associated with video game play, finding that about 13% of the adolescents they surveyed sacrificed other activities and compulsively invested money and time in gaming. Braun and Giroux (1989, p. 101) called video games “the perfect paradigm for induction of ‘addictive’ behavior.” A psychotherapist (Klein, 1984) noticed that some of his teenaged clients exhibited what he would term addictive behavior regarding video game play (e.g., stealing money or spending lunch money to play videogames). Suler (2004) provides a balanced view of cyber addictions, noting that some level of devotion to a hobby is healthy, but that in pathological addictions, the bad outweighs the good. Negative Social Effects of Video Games: Violence, Sex, and Race Because research consistently shows that most popular video games are violent (Buchman & Funk, 1996; Burgess, Stermer & Burgess (in press); Provenzo, 1991; Dill, Gentile, Richter & Dill, 2005; Dill & Thill, in press, Funk, 1993; Lachlan, Smith & Tamborini, 2005) and because of the potential harm to children, youth and society of this negative influence, much video game research has focused on the effects of violent video games. Modeled after the extensive literature on television violence effects, the violent...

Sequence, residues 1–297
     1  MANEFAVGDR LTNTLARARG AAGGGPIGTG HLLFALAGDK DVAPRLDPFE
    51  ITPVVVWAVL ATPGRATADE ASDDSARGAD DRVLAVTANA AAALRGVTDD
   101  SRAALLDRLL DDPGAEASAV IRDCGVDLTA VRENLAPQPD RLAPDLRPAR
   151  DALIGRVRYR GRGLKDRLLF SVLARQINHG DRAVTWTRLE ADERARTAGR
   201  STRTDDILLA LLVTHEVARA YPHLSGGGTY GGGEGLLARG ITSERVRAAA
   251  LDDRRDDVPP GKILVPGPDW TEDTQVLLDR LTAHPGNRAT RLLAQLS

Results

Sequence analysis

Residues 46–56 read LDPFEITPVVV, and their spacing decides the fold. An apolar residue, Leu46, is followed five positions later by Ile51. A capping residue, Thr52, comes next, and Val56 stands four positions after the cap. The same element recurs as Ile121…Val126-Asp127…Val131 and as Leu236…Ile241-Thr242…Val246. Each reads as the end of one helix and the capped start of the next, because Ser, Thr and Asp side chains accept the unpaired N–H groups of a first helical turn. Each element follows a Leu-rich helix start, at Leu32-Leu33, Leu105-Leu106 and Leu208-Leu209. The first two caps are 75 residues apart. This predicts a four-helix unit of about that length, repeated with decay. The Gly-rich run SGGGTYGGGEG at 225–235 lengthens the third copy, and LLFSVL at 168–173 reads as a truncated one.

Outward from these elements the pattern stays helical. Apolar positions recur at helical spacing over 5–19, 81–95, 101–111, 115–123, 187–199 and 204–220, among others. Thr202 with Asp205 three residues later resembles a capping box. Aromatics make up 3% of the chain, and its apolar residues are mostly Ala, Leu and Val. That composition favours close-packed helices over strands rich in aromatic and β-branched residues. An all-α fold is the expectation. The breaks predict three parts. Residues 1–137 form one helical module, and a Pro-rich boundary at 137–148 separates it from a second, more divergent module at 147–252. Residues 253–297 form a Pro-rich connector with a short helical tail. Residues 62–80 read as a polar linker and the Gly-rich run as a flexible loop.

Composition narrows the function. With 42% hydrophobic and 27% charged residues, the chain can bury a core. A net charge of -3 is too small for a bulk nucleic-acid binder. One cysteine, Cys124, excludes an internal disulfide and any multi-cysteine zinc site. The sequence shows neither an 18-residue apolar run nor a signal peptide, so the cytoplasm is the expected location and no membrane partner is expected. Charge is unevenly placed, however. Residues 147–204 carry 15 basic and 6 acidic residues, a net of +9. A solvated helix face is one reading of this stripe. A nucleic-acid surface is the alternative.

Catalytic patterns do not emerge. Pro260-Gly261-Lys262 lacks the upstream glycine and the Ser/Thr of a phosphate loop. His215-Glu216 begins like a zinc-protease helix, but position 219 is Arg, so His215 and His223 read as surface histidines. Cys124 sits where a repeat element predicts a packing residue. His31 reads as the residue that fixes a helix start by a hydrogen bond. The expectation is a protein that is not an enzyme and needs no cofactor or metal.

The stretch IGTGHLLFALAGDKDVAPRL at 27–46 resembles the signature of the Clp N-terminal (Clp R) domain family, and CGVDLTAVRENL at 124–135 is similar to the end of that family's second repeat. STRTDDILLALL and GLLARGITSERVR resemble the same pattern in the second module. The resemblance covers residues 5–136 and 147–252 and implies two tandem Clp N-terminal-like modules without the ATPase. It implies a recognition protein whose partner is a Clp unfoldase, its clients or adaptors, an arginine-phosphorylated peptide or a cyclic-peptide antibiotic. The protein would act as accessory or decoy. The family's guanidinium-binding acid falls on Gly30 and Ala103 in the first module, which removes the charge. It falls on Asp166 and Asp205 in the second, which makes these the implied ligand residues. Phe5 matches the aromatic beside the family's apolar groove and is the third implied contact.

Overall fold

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(Eds.), Featuring females: Feminist analyses of the media. Washington, DC: American Psychological Association. Dill, K. E., & Thill, K. P. (in press) Video game characters and the socialization of gender roles: Young people’s perceptions mirror sexist media depictions. Sex Roles Dill, K. E., Brown, B. P., & Collins, M. A. (2007). Effects of Media Stereotypes on Sexual Harassment Judgments and Rape Supportive Attitudes: Popular Video Game Characters, Gender, Violence and Power. Manuscript in Preparation. Epstein, L. H, Beecher, M. D., Graf, J. L., & Roemmich, J. L. (2007). Choice of interactive dance and bicycle games in overweight and non-overweight youth, Annals of Behavioral Medicine, 33(2), 124-131. Funk, J. B. (1993). Video games: Benign or malignant? Developmental and Behavioral Pediatrics, 13, 53-54. Funk, J. B., & Buchman, D. D. (1996). Playing violent computer games and adolescent self concept, Journal of Communication, 46, 19-32. Gentile, D. A., & Gentile, J. R. (in press) Violent video games as exemplary teachers: A conceptual analysis. Journal of Youth and Adolescence. Koepp, M. J. Gunn, R. N., Lawrence A. D. Cunningham, V. J. Dagher, A. Jones, T et al. (1998). Evidence for striatal dopamine release during a video game, Nature, 393, 266-268. Konami’s Dance Dance Revolution provides health benefits to children of West Virginia (2007, February 1). West Virginia University Today, Retreived July 23, 2007 from Lachlan, K.A., Smith, S.L. & Tamborini, R. (2005). Models for aggressive behavior: The attributes of violent characters in popular video games, Communication Studies, 56, 313-329. O’Hannon, C. (2007) Eat breakfast, drink milk, play Xbox, T H E Journal, 34. Suler, J. (2004). Computer and cyberspace addiction. International Journal of Applied Psychoanalytic Studies, 1, 359-362. Walsh, DA. (2004). Why Do They Act That Way? A Survival Guide to the Adolescent Brain for You and Your Teen. New York: Free Press. Walsh, D. A. (2006, June) Violent and Explicit Video Games: Informing Parents and Protecting Children, Testimony given before the US House of Representatives Subcommittee on Commerce, Trade, and Consumer Protection